- About.com Guide Rating (0=Yich!, 10=Wow!): 8.5
- Thrill Scale (0=Wimpy!, 10=Yikes!): 4
- Type: Interactive dark ride
- Height restriction (minimum, in inches): 42
The fun begins outside the building. Designed like a cheesy, brave new world's fair pavilion, circa 1964, signs and posters advertise "The Universe and You" Expo exhibit. A retro theme song plays as guests enter a glitzy, 60's-era room.
A recorded voice begins a syrupy presentation about the search for life in the cosmos, but it soon grinds to a halt when Agent Zed (Rip Torn, reprising his role from the film) instructs the "scrubs" to enter a secret elevator. Once inside, Zed apologizes for the "phony theme park nonsense." It's just a pretense to protect the identity of the shadowy MIB headquarters. You have to love Universal for its cynical and self-depreciating sense of humor.
The elevator takes recruits to Intergalactic Alien Immigration Services and the real action. Referencing the film, the inside queue snakes past a break room with startlingly lifelike and funny wormy guys. Trainees then pass through Immigration Control, complete with large-screen video announcements of narrowly averted impending doom. It's all in a day's work for the MIB.
Once aboard the vehicles, recruits enter a training simulation. After taking a few potshots at pseudo alien targets however, Zed breathlessly announces that an alien transport ship has crashed in Manhattan (Oh no! Why do these grave emergencies always pop up in the middle of theme park rides?). Of course, it's up to the trainees to defend the earth from the escaped insect prisoners. From that point on, it's a cacophony of alien bugs, lasers, and vehicle spinouts. (When the bugs fire, the ride's vehicles spin wildly if they land their shots first.)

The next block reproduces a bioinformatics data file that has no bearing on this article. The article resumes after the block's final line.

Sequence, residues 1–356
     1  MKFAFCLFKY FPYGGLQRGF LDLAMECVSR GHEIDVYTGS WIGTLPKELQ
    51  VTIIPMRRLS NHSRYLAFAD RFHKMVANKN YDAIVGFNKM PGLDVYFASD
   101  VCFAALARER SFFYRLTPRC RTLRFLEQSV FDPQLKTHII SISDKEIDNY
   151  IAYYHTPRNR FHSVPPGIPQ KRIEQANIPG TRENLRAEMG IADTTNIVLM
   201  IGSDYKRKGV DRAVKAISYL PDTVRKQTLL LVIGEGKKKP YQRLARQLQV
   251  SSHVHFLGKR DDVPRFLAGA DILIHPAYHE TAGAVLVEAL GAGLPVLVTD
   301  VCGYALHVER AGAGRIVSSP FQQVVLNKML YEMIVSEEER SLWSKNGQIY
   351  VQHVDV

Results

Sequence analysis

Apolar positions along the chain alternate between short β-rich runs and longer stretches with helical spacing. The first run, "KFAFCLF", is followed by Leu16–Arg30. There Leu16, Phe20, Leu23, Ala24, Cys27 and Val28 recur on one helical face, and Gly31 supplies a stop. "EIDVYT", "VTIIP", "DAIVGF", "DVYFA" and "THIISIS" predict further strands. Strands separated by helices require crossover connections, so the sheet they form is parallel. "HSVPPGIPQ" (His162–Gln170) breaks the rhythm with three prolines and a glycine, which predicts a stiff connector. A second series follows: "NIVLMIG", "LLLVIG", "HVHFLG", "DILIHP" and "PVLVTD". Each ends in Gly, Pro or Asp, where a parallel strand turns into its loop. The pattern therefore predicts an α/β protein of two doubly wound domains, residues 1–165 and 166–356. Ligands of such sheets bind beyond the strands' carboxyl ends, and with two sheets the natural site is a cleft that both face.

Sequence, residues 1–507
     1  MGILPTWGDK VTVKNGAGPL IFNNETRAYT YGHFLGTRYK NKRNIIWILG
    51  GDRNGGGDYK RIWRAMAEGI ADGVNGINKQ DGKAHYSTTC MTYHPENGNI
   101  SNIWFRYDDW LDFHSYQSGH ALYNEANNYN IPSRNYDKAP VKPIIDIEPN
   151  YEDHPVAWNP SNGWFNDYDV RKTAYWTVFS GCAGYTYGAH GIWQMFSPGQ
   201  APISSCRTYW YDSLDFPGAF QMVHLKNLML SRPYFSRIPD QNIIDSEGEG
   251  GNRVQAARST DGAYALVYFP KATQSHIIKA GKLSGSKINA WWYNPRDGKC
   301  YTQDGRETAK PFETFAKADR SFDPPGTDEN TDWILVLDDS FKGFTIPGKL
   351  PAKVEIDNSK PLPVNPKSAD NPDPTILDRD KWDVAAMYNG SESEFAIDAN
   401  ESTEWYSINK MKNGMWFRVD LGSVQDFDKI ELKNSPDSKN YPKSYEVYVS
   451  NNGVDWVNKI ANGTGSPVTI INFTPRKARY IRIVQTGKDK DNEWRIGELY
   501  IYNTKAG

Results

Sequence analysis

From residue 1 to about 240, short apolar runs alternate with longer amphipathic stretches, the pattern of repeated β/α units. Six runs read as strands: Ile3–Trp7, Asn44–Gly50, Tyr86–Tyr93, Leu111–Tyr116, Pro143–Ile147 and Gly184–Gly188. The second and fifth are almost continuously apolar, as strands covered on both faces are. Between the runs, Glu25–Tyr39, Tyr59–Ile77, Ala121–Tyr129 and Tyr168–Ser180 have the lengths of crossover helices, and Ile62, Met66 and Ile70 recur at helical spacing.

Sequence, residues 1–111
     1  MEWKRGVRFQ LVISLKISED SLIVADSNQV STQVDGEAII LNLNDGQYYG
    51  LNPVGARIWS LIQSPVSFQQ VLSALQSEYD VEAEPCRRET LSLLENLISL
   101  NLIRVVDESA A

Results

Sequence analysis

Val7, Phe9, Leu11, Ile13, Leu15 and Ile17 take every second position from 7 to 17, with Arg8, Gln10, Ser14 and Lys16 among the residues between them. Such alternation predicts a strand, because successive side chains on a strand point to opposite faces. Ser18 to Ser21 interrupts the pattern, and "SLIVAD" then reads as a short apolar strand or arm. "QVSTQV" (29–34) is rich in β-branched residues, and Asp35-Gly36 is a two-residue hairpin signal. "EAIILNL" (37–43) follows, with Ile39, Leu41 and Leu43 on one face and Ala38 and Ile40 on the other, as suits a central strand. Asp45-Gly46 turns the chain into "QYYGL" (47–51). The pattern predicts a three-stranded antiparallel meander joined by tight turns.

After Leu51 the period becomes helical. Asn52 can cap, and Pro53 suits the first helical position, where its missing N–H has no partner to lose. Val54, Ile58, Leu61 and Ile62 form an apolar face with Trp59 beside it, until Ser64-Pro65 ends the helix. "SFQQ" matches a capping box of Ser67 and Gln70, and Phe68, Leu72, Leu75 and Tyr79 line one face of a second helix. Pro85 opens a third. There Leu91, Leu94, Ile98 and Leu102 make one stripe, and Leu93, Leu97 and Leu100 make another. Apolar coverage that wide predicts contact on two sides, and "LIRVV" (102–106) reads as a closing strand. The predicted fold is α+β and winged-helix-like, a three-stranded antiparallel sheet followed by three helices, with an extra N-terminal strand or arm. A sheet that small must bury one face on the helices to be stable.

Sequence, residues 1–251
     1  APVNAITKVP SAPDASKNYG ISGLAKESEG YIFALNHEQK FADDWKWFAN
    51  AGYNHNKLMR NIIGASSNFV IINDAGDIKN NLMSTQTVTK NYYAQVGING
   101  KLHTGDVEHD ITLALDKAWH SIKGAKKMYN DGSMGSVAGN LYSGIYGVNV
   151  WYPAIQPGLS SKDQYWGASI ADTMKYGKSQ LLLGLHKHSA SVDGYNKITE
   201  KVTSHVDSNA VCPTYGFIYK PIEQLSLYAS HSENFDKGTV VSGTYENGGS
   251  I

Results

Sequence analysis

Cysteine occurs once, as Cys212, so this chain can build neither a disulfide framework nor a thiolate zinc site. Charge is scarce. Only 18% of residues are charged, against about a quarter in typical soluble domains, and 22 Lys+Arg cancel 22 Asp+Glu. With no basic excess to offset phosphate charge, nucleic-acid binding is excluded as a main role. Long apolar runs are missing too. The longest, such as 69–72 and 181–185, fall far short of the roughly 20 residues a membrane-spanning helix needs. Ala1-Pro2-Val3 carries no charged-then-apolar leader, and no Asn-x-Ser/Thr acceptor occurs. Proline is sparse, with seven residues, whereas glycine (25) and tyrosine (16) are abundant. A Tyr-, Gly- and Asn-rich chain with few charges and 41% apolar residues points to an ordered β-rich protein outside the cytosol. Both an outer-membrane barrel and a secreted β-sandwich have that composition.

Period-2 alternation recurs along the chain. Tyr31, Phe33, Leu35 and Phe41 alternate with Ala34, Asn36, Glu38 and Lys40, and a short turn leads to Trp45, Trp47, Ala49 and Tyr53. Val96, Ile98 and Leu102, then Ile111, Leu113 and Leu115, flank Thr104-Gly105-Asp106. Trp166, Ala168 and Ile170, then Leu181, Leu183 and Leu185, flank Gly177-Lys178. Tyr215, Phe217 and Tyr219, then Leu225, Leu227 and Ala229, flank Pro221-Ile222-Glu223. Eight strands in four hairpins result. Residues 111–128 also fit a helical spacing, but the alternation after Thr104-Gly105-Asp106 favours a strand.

Be forewarned: As if the hordes of bugs hiding throughout the cavernous ride aren't enough of a challenge, the passengers in the vehicle riding alongside yours are actually bugs in disguise. Of course, they think you and the riders in your vehicle are also aliens.
With aliens lurking everywhere, it's hard to get a handle on the game play. Video game mavens may have an easier time scoring points than those of us who weren't weaned on Nintendo. The laser guns do not emit a trail, and the aliens do not have clearly marked targets. The bugs respond more to shots around their foreheads and chests.
It is also difficult to focus on the game aspect because the ride is crammed with elaborate animatronics, richly decorated sets, and sly visual puns. (Be on the lookout for the alien bug with Steven Spielberg's head.)
With all due respect to Shakespeare, when it comes to theme park rides, the story's the thing. The latest whiz-bang technology wears thin quickly if it doesn't serve a great story. With its highly articulated animatronics, sophisticated ride vehicles, and engaging, recognizable story, MIB is a load of fun. It's more ambitious than the similar shoot-em-up Buzz Lightyear attraction at Walt Disney World's Magic Kingdom.
Like many Universal Studios attractions, MIB has a high-impact, in-your-face ending. Taking guests, literally, into the belly of the beast, they have to blast their way out with major artillery. (Hint: This is the time to use that blinking red button on the vehicle's dashboard.)
Depending on each vehicle's collective score, the ride offers multiple endings. Despite repeated attempts, my team merited the same losers' sendoff: Will Smith offered a condescending, "Better luck next time, Slick" before he "neuralized" us. Maybe you'll have better luck, scrubs.